# std::vector composition with self populating super-powers

I have written a deliberately pretty simple class that wraps a std::vector to basically make it capable of self-populate itself with random generated numbers, simply to be able to test the result of some sorting algorithms that I'm working on.

This is only a hobby project, it is not production code :-) so I'd like to know if there are any ways to improve this design or my approach.

Besides good practices, style and design, two of my biggest doubts are:

1. populate(): If I had used std::iota() followed by std::shuffle, as explained on the comments, I believe that the code would be much smaller, simpler and would kind-of have the same result (it wouldn't allow repeated numbers, as it does now).

2. std::mt19937 and std::uniform_int_distribution: mostly, if their implementation looks... OK. Looks like the need to explicitly seed the vector is inevitable, but I don't really like it. :-( this would obviously be avoided if I used my std::iota() implementation. I feel like this breaks the class' "super-powers".

Edit: Forgot to add that, regarding number 2, I'm also a bit curious about the way I'm seeding the engine. Does it looks correct?

#ifndef algorithmicVec_H
#define algorithmicVec_H

#include <vector>
#include <random>
#include <chrono>
#include <cstdint>

/**
*  std::vector composition with pseudo-random number self-populating capabilities
*/
class algorithmicVec {
private:
std::vector<uint32_t> vec;
static std::mt19937 gen;
static std::uniform_int_distribution<uint32_t> uint_dist99;

/**
*  Returns a random uint32_t within the range of 0..99
*/
uint32_t getRandomNumber();

public:
/**
*  Seeds static std::mt19937 with the current time in milliseconds since epoch
*/
static void seed();

/**
*  Populates the vector with n elements using a std::uniform_int_distribution
*  fed with std::mt19937.
*
*  Using std::iota() followed by std::shuffle was considered, but not implemented
*  mostly because random generated numbers seemed more interesting at the time,
*  even to observe the result of the tested algorithms with possible repeated numbers.
*/
void populate (int sz);

/**
*  Returns item at position pos
*/
uint32_t at(int pos);

/**
*  Returns an iterator to the first item of the vector
*/
std::vector<uint32_t>::iterator begin();

/**
*  Returns an iterator past-to-the-end of the vector
*/
std::vector<uint32_t>::iterator end();
};

#endif


The implementation file:

#include "algorithmicVec.hpp"

std::mt19937 algorithmicVec::gen;
std::uniform_int_distribution<uint32_t> algorithmicVec::uint_dist99(0, 99);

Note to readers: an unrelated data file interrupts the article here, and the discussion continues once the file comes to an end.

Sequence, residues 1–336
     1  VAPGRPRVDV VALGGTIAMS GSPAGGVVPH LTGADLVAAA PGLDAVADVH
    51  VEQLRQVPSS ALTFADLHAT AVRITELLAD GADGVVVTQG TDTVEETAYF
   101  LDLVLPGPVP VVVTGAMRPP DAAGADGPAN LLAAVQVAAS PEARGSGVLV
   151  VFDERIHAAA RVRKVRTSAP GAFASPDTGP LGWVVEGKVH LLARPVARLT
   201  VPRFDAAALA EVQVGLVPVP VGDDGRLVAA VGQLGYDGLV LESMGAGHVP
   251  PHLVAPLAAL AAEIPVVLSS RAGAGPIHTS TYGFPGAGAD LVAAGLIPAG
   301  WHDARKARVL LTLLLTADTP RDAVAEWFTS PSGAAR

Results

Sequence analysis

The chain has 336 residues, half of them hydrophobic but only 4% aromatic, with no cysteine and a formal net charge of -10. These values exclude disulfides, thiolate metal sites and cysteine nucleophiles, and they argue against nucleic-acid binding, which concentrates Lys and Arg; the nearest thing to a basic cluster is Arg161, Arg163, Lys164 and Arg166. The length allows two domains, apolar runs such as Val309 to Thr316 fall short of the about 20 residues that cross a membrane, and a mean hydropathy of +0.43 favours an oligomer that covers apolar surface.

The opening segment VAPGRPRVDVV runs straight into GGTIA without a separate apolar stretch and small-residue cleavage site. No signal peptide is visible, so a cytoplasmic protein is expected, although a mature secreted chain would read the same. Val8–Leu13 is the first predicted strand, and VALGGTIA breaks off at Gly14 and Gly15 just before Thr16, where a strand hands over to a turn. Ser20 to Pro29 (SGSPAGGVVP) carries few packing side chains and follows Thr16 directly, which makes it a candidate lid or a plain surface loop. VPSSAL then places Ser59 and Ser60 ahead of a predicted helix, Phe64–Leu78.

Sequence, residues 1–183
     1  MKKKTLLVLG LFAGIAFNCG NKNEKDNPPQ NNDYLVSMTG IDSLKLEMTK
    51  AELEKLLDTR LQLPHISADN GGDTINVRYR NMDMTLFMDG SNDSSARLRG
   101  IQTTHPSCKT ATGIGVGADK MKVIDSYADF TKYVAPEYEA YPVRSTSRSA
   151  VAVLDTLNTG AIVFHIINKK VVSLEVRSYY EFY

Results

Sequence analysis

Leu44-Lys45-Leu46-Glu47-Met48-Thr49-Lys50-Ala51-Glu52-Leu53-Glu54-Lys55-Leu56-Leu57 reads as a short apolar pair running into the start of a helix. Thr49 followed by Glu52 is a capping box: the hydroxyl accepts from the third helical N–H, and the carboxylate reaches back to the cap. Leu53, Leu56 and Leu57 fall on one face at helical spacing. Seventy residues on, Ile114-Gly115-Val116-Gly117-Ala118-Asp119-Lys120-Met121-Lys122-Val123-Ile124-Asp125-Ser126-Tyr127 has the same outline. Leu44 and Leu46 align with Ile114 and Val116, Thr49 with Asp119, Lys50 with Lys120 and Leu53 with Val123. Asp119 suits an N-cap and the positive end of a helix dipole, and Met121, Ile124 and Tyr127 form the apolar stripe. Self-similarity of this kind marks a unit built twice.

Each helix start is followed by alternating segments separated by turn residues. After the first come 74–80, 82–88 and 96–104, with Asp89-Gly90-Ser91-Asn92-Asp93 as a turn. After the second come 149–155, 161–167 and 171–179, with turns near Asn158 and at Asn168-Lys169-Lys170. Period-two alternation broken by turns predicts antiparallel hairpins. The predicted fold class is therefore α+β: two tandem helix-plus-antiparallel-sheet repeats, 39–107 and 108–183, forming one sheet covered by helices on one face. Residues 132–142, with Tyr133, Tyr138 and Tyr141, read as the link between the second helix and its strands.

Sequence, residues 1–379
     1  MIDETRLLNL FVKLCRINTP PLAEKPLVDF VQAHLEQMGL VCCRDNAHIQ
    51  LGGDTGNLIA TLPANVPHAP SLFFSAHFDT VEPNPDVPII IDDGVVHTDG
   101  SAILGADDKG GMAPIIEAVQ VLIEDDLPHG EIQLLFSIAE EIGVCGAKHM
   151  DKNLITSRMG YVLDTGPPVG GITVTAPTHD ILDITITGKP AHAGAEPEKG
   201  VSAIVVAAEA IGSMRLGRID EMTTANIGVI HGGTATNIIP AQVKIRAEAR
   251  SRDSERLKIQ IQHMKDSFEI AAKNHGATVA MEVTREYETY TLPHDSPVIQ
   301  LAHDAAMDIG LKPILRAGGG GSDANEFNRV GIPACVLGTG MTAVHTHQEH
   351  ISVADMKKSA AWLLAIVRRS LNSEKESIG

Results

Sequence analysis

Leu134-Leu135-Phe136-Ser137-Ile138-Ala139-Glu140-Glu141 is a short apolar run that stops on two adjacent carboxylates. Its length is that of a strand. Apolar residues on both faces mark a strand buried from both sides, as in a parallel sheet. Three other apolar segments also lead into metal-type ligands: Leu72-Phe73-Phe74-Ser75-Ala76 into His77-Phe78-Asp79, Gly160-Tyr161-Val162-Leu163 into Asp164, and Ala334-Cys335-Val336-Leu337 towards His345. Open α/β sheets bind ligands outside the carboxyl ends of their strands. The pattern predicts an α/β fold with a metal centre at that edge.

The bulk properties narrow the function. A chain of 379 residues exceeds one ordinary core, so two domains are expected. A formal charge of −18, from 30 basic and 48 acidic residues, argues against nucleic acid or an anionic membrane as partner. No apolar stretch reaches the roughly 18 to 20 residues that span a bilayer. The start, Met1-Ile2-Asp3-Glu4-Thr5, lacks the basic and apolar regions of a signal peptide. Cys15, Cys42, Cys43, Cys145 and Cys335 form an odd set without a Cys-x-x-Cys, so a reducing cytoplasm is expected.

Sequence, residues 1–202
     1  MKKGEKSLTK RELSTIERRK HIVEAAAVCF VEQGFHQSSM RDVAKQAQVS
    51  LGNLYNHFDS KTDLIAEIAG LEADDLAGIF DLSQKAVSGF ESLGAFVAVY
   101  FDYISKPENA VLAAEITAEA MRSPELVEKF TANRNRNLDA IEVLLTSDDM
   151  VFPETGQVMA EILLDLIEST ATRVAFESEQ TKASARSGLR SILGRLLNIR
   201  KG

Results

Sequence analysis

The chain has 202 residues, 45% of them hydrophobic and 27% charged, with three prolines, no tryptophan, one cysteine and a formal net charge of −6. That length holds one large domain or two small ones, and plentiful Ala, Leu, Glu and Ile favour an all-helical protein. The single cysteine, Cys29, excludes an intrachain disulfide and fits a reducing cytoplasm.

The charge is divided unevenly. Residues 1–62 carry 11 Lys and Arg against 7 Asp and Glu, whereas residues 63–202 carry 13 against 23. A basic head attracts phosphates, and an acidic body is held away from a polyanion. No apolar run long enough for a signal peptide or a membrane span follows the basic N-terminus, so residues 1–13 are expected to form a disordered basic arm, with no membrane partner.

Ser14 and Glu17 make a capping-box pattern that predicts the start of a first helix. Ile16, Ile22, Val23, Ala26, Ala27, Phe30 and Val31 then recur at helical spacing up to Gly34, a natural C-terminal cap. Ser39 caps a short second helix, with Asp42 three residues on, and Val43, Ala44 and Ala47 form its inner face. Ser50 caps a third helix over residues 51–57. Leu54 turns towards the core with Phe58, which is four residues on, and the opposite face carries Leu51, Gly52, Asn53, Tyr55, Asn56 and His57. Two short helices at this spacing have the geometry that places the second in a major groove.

void algorithmicVec::seed() {
unsigned long seed = std::chrono::system_clock::now().time_since_epoch() /
std::chrono::milliseconds(1);
gen.seed(seed);
}

void algorithmicVec::populate (int sz) {
for (int i = 0; i < sz; ++i) {
vec.push_back(getRandomNumber());
}
}

uint32_t algorithmicVec::getRandomNumber() {
return uint_dist99(gen);
}

uint32_t algorithmicVec::at(int pos) {
return vec.at(pos);
}

std::vector<uint32_t>::iterator algorithmicVec::begin() {
return vec.begin();
}

std::vector<uint32_t>::iterator algorithmicVec::end() {
return vec.end();
}


A minimal test case:

#include <iostream>
#include "algorithmicVec.cpp"

int main() {
algorithmicVec::seed();
algorithmicVec myVec;
myVec.populate(10); // populates myVec with 10 random numbers
for (auto a: myVec) {
std::cout << a << std::endl;
}
}

-
Thank you all for your answers. I really appreciate them and will make use of all useful given tips! –  Streppel Jun 2 at 16:32

I think it is overkill to write an own class. This gives you many issues because you have to reimplement vector's interface.

In the current state I don't see any advantage over having just a function that returns a vector that is filled randomly:

#include <vector>
#include <random>
#include <chrono>
#include <algorithm>
#include <iterator>

std::vector<uint32_t> generateRandomVector(std::size_t size) {
static std::mt19937 gen(
std::chrono::system_clock::now().time_since_epoch()
/ std::chrono::milliseconds(1));
static std::uniform_int_distribution<uint32_t> uint_dist99(0, 99);
std::vector<uint32_t> result;
result.reserve(size);
std::generate_n(std::back_inserter(result), size,
[&] {return uint_dist99(gen);});
return result;
}


Use it like this:

#include <iostream>

int main() {
for (auto a : generateRandomVector(20)) {
std::cout << a << std::endl;
}
}


This approach has the advantage of cleanly separating the functionality of the vector (which is to store data) from the functionality of the random generation (which just manipulates a vector).